9   The energy intensity of the U.S. economy (energ

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The End Of The War On Coal – Hahahahahahahaha

The head of the EPA, Scott Pruitt, announced in Tennessee that the “War On Coal” was over. This during his announcement that the EPA was with drawing the Clean Power Plan proposed by the Obama Administration. What a joke this administration is. They accuse the former head of the EPA, Gina McCarthy ,  of picking winners and losers. Well guess what? They have already been picked. Coal lost.

http://www.dallasnews.com/opinion/editorials/2017/10/09/texas-monticello-power-plant-closes-signaling-undeniable-shift-natural-gas-renewable-energy

Texas’ Monticello power plant closes, signaling the undeniable shift to natural gas and renewable energy

Dallas Morning News Editorial

If there were any remaining doubts, the age of coal is over and the era of natural gas and renewables is officially here.

Luminant’s decision last week to shut its Monticello Power Plant near Mount Pleasant, one of Texas’ largest and dirtiest coal-fired electricity plants, is a prime example of this shift. The plant’s pending closure in January is a win for clean air and the result of the new economics of energy that renders coal-fired power plants like the Monticello facility cost-prohibitive relics.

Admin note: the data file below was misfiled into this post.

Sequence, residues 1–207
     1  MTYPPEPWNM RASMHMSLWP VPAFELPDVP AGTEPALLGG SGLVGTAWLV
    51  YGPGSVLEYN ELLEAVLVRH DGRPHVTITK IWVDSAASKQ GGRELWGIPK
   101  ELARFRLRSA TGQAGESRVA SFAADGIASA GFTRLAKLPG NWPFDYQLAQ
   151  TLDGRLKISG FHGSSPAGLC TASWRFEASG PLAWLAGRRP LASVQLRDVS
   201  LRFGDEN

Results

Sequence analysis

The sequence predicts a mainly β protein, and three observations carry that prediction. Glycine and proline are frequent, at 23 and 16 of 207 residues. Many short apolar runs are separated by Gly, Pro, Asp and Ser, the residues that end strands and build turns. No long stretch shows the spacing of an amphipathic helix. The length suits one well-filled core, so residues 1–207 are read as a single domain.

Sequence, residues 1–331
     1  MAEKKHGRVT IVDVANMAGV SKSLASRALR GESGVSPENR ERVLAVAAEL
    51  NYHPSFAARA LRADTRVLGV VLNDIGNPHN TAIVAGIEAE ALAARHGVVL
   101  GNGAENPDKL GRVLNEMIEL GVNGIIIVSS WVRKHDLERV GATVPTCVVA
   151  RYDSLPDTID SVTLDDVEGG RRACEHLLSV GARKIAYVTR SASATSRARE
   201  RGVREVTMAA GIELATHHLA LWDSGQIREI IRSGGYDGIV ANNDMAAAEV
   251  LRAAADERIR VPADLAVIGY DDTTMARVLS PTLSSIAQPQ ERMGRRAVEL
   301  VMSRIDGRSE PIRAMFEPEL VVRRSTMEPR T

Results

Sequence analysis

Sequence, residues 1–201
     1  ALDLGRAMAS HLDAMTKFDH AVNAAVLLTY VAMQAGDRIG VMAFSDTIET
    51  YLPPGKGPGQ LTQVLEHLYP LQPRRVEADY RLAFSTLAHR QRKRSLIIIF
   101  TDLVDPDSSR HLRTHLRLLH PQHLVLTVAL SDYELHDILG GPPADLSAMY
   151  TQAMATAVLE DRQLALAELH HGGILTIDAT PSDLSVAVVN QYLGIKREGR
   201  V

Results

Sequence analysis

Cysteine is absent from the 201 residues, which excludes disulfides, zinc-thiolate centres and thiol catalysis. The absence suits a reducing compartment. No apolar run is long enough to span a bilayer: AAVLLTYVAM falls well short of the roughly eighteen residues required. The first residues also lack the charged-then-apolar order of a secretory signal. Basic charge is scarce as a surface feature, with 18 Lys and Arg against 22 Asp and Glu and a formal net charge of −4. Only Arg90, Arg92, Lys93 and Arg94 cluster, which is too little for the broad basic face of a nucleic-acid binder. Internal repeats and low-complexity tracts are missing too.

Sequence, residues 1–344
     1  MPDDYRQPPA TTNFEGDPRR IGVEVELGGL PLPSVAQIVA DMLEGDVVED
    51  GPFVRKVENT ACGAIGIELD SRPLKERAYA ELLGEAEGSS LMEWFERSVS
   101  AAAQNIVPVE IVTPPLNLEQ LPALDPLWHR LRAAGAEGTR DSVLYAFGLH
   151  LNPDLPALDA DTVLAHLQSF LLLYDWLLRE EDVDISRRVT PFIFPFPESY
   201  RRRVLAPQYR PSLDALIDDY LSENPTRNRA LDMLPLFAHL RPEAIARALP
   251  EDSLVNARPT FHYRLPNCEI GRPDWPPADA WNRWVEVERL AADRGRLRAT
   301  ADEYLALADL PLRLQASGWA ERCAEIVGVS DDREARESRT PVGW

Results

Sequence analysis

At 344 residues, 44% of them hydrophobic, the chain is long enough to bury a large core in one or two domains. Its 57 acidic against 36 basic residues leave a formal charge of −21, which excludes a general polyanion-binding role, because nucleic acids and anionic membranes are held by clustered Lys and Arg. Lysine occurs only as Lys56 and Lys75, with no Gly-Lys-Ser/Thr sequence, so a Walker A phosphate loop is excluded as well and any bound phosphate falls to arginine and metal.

This is particularly true in Texas: Hydraulic fracturing has made natural gas production cleaner and cheaper than coal.  Each year, electricity from the sun and wind contribute more megawatts to the state’s power grid. The state’s deregulated electricity market increases competition, which leaves costly, emissions belching coal-fired power plants like Monticello on the wrong side of a historic transformation.

We’re pleased that Luminant took this step after a year-long review of its operations. A decade ago, this editorial board helped lead the charge against the former TXU Corp.’s plan to build about a dozen coal-fired power plants in the state.

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GM Goes All Electric – Well, not right away but it is a good start

Much like Solar and Wind, Electric Cars have had an up hill battle. But what does that mean. It makes it sound like this is natural. Well it is not. Electric Cars were not about “ramping up” to need. It was about battling the forces of evil who did not want alternative forms of energy to succeed. Yah that is right, the fossil fuel industry and their investors and supporters have done everything in their considerable power to prevent their success. They have lied, cheated and lobbied elected bodies all the way down to townships in Colorado for example.